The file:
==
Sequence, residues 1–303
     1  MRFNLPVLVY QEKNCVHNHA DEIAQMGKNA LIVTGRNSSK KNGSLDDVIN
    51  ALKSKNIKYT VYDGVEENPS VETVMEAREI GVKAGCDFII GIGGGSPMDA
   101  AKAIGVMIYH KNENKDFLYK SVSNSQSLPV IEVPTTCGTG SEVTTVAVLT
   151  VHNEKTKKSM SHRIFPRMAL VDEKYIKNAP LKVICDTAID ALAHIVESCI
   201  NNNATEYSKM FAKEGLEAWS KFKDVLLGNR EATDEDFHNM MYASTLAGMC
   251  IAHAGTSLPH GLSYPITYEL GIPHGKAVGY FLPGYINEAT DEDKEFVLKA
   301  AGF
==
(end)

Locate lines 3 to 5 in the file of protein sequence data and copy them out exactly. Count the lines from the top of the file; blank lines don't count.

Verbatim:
    51  ALKSKNIKYT VYDGVEENPS VETVMEAREI GVKAGCDFII GIGGGSPMDA
   101  AKAIGVMIYH KNENKDFLYK SVSNSQSLPV IEVPTTCGTG SEVTTVAVLT
   151  VHNEKTKKSM SHRIFPRMAL VDEKYIKNAP LKVICDTAID ALAHIVESCI